These wines tend to be alcoholic and tannic with notes of cherry, menthol and spice. A Riserva is aged for 2 years in large oak barrels (botte) and has more intense fruit and spice aromas.

Montecucco Sangiovese DOCG the area where this hard to find DOCG wine is grown lies between Morellino di Sacansano (to the south), Montalcino (to the north) and the west facing slopes of Monte Amiata (to the east). The DOCG sangiovese wines have good structure and minerality. DOC wine from Monte Cucco are sangiovese (reds) and vermentino (whites).

Monteregio di Massa Marittima In the north of the Maremma, around the towns of  Castiglione della Pescaia and the Colline Metallifere (metallic hills) reds made from sangiovese predominate along with white wines from trebbiano and vermentino. In the furthest north of the region, the red wines have a lively acidity thanks to the chalky soils, Monteregio Rosso, a little further to the south, has galestro soil (crumbly clay rock) and produces wines with surprising structure and tannins.

Pitigliano and Sovana In the south east of the Maremma, Pitigliano DOC is produced around the town of the same name, red wine from the area can be released as Morellino di Scansano DOCG as it falls within the area. The base grape in the blend is trebbiano but the rules permit a variety of grapes such asmalvasia bianco, sauvignon blanc and chardonnay. The Sovana DOC applies to red and rosé wines made from sangiovese, merlot and cabernet sauvignon. Also, look out for the sweet aleatico (a moscato grape with darker skin) wines with aromas of rose-hip and raspberry.

 

Winemaking Areas In The Coastal Regions Of Tuscany

Wine In Tuscany Part II – Vines & Grapes

Vines & Grapes Grown In Tuscany

There are around 58000 hectares of vineyard in Tuscany, vines are mainly planted in hilly areas, 85% of the vines are red grape varieties with sangiovese the main grape. 69% of wines are classified as DOP (DOCG and DOC) and 25% IGP (usually labelled as IGT). For an explanation of Italian Wine Classifications, see my blog post. The percentage shown after each listed variety is the percentage out of total vines planted in Tuscany.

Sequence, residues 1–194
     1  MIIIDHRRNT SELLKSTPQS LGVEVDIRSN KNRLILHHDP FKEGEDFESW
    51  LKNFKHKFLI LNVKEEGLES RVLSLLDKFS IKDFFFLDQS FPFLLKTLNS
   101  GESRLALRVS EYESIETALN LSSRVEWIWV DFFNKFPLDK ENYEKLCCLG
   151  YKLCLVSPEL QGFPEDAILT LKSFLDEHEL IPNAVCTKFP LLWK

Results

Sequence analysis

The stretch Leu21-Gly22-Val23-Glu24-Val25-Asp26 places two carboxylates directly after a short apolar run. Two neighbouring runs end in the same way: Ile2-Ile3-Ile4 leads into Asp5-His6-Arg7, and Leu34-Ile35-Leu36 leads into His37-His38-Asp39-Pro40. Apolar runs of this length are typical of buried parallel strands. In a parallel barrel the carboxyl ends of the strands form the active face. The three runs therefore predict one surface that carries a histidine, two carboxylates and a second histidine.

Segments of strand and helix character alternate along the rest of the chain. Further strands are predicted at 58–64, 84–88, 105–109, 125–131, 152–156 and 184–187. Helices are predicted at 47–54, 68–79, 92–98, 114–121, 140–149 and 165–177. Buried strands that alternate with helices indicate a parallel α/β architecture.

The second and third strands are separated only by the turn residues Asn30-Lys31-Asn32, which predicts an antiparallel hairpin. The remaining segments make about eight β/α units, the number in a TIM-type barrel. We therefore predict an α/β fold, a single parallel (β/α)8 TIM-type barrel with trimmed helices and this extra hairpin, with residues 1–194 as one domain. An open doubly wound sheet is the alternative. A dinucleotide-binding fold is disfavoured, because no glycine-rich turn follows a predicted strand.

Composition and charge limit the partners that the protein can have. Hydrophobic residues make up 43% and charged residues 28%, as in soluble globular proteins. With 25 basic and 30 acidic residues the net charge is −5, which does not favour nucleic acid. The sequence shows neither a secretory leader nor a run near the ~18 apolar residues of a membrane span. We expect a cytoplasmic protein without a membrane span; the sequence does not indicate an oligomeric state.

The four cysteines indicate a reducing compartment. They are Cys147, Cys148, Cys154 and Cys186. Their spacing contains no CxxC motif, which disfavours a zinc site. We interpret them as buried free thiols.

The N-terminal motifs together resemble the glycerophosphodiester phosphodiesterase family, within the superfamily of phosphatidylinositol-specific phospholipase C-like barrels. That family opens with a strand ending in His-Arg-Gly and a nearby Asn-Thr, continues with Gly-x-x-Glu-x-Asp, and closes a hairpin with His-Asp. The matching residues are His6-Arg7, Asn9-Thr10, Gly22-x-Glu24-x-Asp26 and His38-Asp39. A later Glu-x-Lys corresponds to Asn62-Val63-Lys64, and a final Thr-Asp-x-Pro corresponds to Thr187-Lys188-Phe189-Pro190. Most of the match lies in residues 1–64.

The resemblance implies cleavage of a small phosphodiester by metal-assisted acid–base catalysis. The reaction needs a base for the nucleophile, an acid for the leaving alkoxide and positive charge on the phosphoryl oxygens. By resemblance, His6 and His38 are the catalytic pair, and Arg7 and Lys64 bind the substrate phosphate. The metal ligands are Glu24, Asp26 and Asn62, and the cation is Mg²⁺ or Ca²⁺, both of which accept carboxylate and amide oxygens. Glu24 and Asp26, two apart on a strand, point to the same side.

Red Grapes 

Sangiovese makes up 65% of the vines planted in Tuscany, it is a late ripening grape (end of September / early October). It is often blended with traditional varieties such as canaiolo nero, malvasia nera and colorino or international varieties such as cabernet sauvignon and merlot.

There are several varieties of sangiovese: sangiovese grosso (also known as dolce or gentile), sangiovese piccolo (or forte), prugnolo gentile, sangiovese romagnolo and morellino (also known as sangiovese del Grossetano). Sangiovese grosso, used in the famous Brunello wines from Montalcino, has a thick skin that gives the wine more colour and tannin.

DNA testing has shown that sangiovese derives from a cross between the local ciliegiolo and calabrese mantenuovo, a vine from southern Italy that has all but disappeared. Sangiovese excels in Tuscany, thanks to the climate, the soils and the long tradition of winemaking in the area. The high acidity and tannin gives the wines longevity and makes them particularly adaptable to food pairing, it can make interesting table wines along with highly structured, quality wines such as Brunello di Montalcino, Vino Nobile di Montepulciano, Chianti Classico and Morellino di Scansano, all of which have DOCG status.

Sangiovese wines tend to be ruby red with a medium intensity, the typical aromas are violets, cherries and forest berries. With oak ageing it develops aromas of leather, earthy autumn leaves, tobacco and often has background notes of menthol and eucalyptus. In the mouth they have notable structure, a good balance between acidity and minerality, the sensation of alcoholic warming, notable tannin and a finish of fruit and spice.